It all started when these six teens -- Austin Ready, now 16; Blake Ready, 16; Eric Arellano, 16; Jenny Arellano, 13; Heather Fox, 14; and Kelly Fox, 15 -- discovered that 900 million people lack access to clean water and one child dies every 20 seconds due to a water-related disease. This inspired them to create Just Dig It in July 2010.
"To date, we have raised over $30,000 for clean water, giving new life to over 2,000 people," Eric said.
"Our motive is to help save lives of villagers dying of dehydration and waterborne diseases," Blake added. "After seeing the impact we were able to make early on, we were inspired to push on."
In the summer of 2011, the six Just Dig It co-founders visited Ghana. Eric said his proudest moment was when the chief of the village Wusuta-Sakakyare, where Just Dig It built its first well, announced that its people were no longer afflicted with water-related diseases.
They also visited other villages in Ghana where they observed firsthand the amount of filth in the drinking water, although the team lived in a gated community house in Tema, Ghana, outside the capital of Accra.
"We were in a nicer neighborhood, but going around the country is pretty shocking; it's extremely dirty, poor and crime-ridden," Blake said.
Though the team was shocked by living conditions in the villages, Eric noted, "While Ghana was the poorest place I've ever witnessed, the people were so joyful, much more so than the average American."
He said the trip changed his life by "opening my eyes to the world."
"I recognized that outside the safe and affluent bubble of suburban Pleasanton, and even America, millions of people live a life of poverty unfathomable to me," he explained.
"It gave me better appreciation for what I have and how blessed we are," he added.
The six raised money through bake sales, car washes, drawings, selling bracelets and collecting a multitude of donations. They acknowledge the Youth Ministries at Cornerstone Fellowship Church in Livermore for helping them achieve their goal. Paige Ready, Austin and Blake's mother, donated a portion of her paycheck for one year to provide enough money to fund a well. To support Just Dig It, go to justdigit.webs.com.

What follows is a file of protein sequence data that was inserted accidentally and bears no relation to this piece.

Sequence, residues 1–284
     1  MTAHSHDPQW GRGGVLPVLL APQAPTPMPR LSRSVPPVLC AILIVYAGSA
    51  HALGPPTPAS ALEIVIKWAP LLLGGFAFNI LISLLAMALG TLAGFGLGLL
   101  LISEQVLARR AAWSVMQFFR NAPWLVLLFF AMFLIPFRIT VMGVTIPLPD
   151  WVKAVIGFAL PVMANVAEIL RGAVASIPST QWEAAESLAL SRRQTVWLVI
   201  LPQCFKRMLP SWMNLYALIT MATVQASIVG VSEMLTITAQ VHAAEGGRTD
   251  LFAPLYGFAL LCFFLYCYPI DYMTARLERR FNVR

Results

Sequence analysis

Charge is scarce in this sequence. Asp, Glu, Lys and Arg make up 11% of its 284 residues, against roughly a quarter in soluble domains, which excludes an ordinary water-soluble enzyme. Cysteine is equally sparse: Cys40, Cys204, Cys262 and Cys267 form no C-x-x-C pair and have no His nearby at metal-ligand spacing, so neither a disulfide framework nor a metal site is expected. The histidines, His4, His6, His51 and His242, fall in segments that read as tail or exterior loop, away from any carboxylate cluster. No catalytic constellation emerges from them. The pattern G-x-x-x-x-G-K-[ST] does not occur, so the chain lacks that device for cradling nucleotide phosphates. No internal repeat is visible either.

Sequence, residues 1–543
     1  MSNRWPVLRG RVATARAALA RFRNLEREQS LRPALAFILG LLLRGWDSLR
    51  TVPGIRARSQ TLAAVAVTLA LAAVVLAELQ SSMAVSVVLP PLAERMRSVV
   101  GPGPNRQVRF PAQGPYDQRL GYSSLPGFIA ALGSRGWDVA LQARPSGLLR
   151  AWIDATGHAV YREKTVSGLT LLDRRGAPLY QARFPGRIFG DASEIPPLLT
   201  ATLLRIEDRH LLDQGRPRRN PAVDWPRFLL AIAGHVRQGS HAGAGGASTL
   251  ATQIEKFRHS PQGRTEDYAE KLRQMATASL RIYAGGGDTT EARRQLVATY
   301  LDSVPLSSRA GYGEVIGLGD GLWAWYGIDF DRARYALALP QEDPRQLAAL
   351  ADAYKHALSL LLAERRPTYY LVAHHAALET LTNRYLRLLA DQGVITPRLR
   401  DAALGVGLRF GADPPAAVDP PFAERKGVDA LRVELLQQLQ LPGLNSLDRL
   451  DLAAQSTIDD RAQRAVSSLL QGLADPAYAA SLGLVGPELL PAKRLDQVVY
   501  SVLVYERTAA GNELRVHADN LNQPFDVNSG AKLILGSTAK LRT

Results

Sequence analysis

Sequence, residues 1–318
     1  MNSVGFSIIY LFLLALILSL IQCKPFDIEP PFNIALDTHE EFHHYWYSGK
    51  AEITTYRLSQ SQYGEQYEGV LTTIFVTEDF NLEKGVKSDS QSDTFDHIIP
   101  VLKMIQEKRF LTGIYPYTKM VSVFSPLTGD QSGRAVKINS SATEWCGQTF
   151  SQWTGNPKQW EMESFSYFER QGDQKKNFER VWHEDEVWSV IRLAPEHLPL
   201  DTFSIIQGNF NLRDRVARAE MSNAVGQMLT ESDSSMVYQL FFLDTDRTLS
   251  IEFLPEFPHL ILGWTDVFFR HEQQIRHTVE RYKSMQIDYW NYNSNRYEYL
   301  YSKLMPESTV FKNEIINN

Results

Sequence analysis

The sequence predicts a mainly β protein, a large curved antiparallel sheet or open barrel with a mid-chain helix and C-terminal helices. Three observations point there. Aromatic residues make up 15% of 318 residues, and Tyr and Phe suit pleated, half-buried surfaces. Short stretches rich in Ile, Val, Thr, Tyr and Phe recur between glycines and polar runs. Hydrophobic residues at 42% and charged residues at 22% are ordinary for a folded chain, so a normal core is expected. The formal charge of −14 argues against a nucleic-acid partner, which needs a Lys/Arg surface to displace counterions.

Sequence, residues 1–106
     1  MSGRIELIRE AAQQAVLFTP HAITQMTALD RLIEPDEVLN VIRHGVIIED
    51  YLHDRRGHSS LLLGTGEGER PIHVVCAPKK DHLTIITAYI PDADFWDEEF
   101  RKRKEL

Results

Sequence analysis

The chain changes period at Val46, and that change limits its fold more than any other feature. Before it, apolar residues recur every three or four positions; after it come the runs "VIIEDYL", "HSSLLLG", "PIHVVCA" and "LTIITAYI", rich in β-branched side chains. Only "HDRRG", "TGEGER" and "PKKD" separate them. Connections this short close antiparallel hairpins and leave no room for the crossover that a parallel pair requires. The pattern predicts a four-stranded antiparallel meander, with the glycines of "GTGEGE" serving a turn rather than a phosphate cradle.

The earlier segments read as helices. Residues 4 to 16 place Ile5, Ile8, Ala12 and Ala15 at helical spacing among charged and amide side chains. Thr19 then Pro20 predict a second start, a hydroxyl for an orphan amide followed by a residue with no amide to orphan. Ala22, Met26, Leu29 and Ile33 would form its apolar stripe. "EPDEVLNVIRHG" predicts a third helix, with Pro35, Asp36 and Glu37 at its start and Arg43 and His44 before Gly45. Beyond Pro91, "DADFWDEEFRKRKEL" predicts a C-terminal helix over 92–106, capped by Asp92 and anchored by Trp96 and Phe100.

But these teens do not do the work for credit or for their college applications. Rather, they have a genuine desire to help people less fortunate than they are.
"It's definitely important to try to go out and help the community and do extracurricular activities because it not only helps your college application, but helps develop you as a person, too, and to develop life skills in clubs and projects as well as make friends," Blake said.
He had advice for anyone thinking of founding a charity.
"You should be genuine about your cause," he said.
"When deciding to participate in any activity, it is essential that the student recognizes his or her reasons," he said. "The main goal for anything should be for the enjoyment and development of the person and improvement of his or her community."
"My friends and I founded Just Dig It primarily to save the lives of those less fortunate than ourselves," he added.
"We didn't even have college on the mind when we started it," Austin pointed out.
They like to think of its benefit to their college applications as an "added bonus."
Shrita Pendekanti, a student at Amador Valley High School, also indulges in a unique extracurricular activity. Since 2002, she has been practicing an Indian form of dance called Kuchipudi that she learned from her mother.
"I dance because it gives me a way to retain my Indian culture while also serving as an expressive outlet," Shrita said. "Not only that, I love to perform and I think learning a fine art teaches a person to be more disciplined."
Last summer Shrita decided to embark on a new endeavor to use dance to help people in need and began to plan a benefit in India, where she has a lot of family who had never seen her dance.
During winter break, she performed for a charity called Sparsh, which is a hospice center in Banjara Hills, Hyderabad. Her grandfather helped to spread the word about the show and advertised through several newspaper articles, plus large billboards promoted the event. With all of these efforts, more than 800 people attended.
"We were able to raise $10,000 for the cause, and I plan to go back this summer and do more to help," said Shrita, who was ecstatic.
She recognizes that this will make for a fascinating college essay one day, but said that volunteer work is more than that.
"With the competition to get into a top college increasing by the year, I feel like a lot of kids are motivated to help for the wrong reasons," she said. "Charity work isn't supposed to be done for a reward because that's not charity."
"I'm not saying that you should do charity work and not use it for college applications or anything," she explained. "I just think that with kids being so focused on attaining volunteer hours, a lot of the times we forget to realize that volunteer work is so much more than that. I think that can keep kids from enjoying the blessed feeling that comes with helping another human being."
Simply put, these Pleasanton students do really fascinating stuff. And while the colleges they apply to will undoubtedly be impressed by what they've done, it is more important to these students that they are impacting the world in a positive way.
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